I also need to face the possibility I won’t be ready on race day. Adapting a schedule to one that enables slower progression to longer mileage weeks in August-September-October and allows greater recovery time (like Meb suggests for older runners) could mean it won’t be safe to cover the marathon distance on that exact calendar date of the premiere New England event. Quite possibly (oh no!!!) my race day will be a week or more later.
This is the tough decision that Keflezighi’s quote will hopefully guide me to make when the time comes, to follow my dream of completing this virtual marathon yet not trying to meet others’ expectations of doing so on the official day. I’m almost embarrassed to admit contemplating this move. Every other virtual participant will be planning to run on THE DAY, along with the rest of the real field of runners.
However, in my heart I am with the rest of the field EVERY DAY during these training months and that form of comradery will need to suffice if I am to avoid sidelining injury and be well enough to go the distance.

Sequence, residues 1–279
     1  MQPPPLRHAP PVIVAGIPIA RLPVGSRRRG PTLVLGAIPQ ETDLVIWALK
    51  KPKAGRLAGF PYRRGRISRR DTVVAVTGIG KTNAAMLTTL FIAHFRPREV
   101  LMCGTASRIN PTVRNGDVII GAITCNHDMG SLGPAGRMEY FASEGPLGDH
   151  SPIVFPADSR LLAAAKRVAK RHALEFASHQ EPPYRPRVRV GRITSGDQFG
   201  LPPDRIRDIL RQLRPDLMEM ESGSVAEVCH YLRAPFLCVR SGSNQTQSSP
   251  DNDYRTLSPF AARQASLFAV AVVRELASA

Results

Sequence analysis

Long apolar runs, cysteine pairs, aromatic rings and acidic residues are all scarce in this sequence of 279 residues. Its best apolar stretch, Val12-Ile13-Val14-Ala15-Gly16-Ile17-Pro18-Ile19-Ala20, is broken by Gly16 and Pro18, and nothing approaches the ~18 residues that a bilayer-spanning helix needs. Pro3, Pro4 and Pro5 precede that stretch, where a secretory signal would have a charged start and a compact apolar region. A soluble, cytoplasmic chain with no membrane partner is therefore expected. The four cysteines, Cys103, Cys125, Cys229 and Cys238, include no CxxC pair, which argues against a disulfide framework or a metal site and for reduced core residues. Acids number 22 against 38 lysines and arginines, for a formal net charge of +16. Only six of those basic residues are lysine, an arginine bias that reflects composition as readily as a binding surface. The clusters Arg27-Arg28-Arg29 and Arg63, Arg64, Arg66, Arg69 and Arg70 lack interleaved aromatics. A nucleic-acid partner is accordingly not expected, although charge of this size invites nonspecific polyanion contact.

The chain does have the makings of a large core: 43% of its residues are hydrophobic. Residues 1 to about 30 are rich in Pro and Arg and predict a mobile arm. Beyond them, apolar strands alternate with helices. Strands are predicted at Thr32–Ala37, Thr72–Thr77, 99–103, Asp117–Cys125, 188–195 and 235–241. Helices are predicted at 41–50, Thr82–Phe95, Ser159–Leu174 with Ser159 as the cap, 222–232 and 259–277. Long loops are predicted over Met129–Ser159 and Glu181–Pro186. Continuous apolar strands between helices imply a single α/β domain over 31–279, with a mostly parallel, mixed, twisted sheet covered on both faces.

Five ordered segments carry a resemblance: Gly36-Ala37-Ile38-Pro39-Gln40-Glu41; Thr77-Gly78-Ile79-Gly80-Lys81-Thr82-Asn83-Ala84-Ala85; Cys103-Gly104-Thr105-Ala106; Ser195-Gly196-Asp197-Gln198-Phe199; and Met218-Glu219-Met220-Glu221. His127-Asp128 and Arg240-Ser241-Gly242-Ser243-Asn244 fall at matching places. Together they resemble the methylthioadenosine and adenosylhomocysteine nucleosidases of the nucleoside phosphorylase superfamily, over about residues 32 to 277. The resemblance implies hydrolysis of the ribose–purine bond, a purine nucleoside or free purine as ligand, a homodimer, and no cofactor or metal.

Another quote, from Amby Burfoot in the “Keep Going” category in the Brooks’ piece, was a reminder that my struggle with difficult workouts and recovery efforts, specifically non-running training, of necessity will be an integral part of the accomplishment. “Winning has nothing to do with racing. Most days don’t have races anyway. Winning is about struggle and effort and optimism, and never, ever, ever giving up.”
Struggle on with your challenge, whatever it is, and believe that with “effort and optimism,” it will bring a personal win. Perhaps you’ll find inspiring and encouraging quotes in Brooks piece to help you through your struggle.
RUN & MOVE HAPPY!
BRIDGE TO PHYSICAL SELF
Running, walking, and fitness activities enable us to experience our physical selves in a world mostly accessed through use of fingers on a mobile device.
EARNED RUNS is edited and authored by me, runner and founder. I began participating in road races before 5Ks were common. I've been a dietitian, practiced and taught clinical pathology, and been involved with research that utilized pathology. I am fascinated with understanding the origins of disease as well as health.